Principles of Landscaping.

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Wanna know the principles of landscaping? Stay put, you have just clicked on to the right blog. I wanna take you on a one on one process of turning your ugly looking residential site into a wickedly beautiful photo taking site.
As I mentioned earlier in one of my posts, landscaping is the art of arranging and fitting together of land, buildings,plants and embellishments for human use and enjoyment. Before you learn about the principles of landscaping first thing you need to know is what elements in a landscape are you dealing with! The basic elements in a landscape include land, plants, buildings and embellishments.
Embellishments are rarely found in homesteads for a start but you will find them in developed institutions such as major offices. This embellishments include items like water fountains, statues, sculptors or flowers.

When it comes to the principles of landscaping, the same principles that dictate a good piece of artwork also apply. Many authors on this subject have come up with a number of principles that govern landscaping, while not preempting them, in order of application one could begin with the

1) Principle of Balance.
In carrying out landscaping, a focal point has to be decided upon, upon which other elements of the landscape can be balanced. A good example is the main entrance to an office building, the central position of a house in the homestead. The elements on either side of the focal point  should be similarly arranged to create a sense of balance. A symmetrical balance mirrors what is on the opposite side while an asymmetrical balance is not the exact to the opposite or the other side of the focal point arrangement. For example one tall ornamental Cyprus plant on the right side of a building could be balanced with three short ornamental Cyprus plants on the left side of the focal point of building.

2) Principle of contrast.
Always choose plant species that have a pleasant contrast.Contrast is determined by the difference in color and brightness of an object with other objects within the same field of view. A pitfall to avoid is to use colours that clash. I will take you back to the basic elements found in a landscape. In this case we are looking at the green grass. If the grass is green, it follows that you will want to use non green ornamental plants that compliment or blend in the green grass. Plant texture and height can also be contrasted. Other colours in the surrounding should also be considered such as the colour of building walls,roofs of houses on the landscape. Pink, yellow, dark green or red ornamentals perfectly blend in the green grass.

3) Principle of Simplicity.
Too many ornamentals in a landscape can end up being monotonous and confusing. It is important for one to chose and maintain simple patterns. Overcrowding is the last thing you will want to do on your landscape so avoid it at all cost. Large open spaces should be left for people to seat and relax. Footpaths should be clearly identified. Avoid planting too many trees in one place.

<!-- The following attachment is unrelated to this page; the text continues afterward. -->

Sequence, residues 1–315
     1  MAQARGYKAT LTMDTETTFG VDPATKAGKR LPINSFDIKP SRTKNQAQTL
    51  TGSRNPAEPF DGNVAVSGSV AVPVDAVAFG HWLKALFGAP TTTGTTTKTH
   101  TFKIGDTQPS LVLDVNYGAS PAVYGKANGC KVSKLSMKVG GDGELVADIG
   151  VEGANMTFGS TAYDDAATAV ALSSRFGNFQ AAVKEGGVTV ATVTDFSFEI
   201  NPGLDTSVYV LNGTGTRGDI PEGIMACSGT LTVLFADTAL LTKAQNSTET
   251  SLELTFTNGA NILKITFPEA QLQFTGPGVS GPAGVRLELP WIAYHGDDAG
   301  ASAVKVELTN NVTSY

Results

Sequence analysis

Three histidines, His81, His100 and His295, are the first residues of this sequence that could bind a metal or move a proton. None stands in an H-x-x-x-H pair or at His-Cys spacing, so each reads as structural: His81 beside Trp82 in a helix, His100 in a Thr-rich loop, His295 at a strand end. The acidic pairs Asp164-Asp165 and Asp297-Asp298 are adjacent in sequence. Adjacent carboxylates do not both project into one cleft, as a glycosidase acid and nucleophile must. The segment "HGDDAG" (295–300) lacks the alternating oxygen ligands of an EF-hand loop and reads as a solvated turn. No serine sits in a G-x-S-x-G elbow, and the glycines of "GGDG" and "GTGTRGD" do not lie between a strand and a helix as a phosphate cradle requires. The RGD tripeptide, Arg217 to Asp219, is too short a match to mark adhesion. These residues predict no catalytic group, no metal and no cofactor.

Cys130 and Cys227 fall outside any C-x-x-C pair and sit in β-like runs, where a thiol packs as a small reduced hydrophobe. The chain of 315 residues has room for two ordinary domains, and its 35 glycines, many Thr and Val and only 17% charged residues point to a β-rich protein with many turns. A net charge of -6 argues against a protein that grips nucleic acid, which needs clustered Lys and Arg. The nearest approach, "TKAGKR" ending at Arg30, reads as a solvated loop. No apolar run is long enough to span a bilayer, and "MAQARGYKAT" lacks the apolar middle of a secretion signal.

4) Principle of Variety.
Variety is the quality or state of being different or diverse from the rest, or rather an absence of uniformity. This is what makes a landscape standout. A viewer’s eyes has more than enough to feed on hence makes your landscape more interesting to view. Avoid  landscaping with a single ornamental plant type or species.

5)Principle of Harmony.
Any single landscape unit should display a sense of harmony as opposed to having a sense of landscape elements placed haphazardly within a landscape. A good piece of artwork has to reflect harmony, take a look at a good piece of artwork and you will see a sense of harmony.

6) Principle of Repetition.
Repetition is good in a landscaping site. The eyes of the viewer occasionally see the view of a an ornamental plant species that they saw some metres back, which brings out the art of landscaping. A landscaped  site should not have too many ornamental plant species. It should have a few that are repeated in a few sequence or pattern. A  duranta flower shrub planted on the front side of the house  (on the edges of the house) could be repeated at the back of the house.

7)Principle of Emphasis.
Plants or other elements of a landscape may be arranged such that attention is directed to a particular corner that has seating benches and away from other areas such as the rest-rooms or storage area. Emphasis may be achieved in a landscape by planting very brightly coloured unique plants at the place where attention is to be drawn. An embellishment may also be placed in such an area.

8) Principle of Sequence
Sequence is all about a list of things arranged in order. Ornamental plants in a landscape can be arranged in ascending order for example beginning from the entrance  to the tallest further away. Alternatively descending order could be used. Another case in point could be the use of  low growing groundcovers planted in the fore-ground followed by dwarf shrubs in the mid-ground. At the background of the landscape, tall trees suit best.

9) Principle of Proportionality.
A small area should not be landscaped with unproportionally large statue or fountain. As a matter of fact the whole piece of landscape work should have proportionality. For example, one landscaping a large house should avoid using large trees near the entrance since they will dominate at the entrance.

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